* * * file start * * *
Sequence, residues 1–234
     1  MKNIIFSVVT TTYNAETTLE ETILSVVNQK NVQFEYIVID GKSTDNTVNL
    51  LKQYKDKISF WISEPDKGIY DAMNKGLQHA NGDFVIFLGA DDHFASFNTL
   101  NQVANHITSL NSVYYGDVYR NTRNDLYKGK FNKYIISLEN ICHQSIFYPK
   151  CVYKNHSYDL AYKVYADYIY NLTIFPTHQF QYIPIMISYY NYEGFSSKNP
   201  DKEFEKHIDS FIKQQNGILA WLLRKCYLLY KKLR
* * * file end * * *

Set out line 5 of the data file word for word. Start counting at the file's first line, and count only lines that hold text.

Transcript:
   151  CVYKNHSYDL AYKVYADYIY NLTIFPTHQF QYIPIMISYY NYEGFSSKNP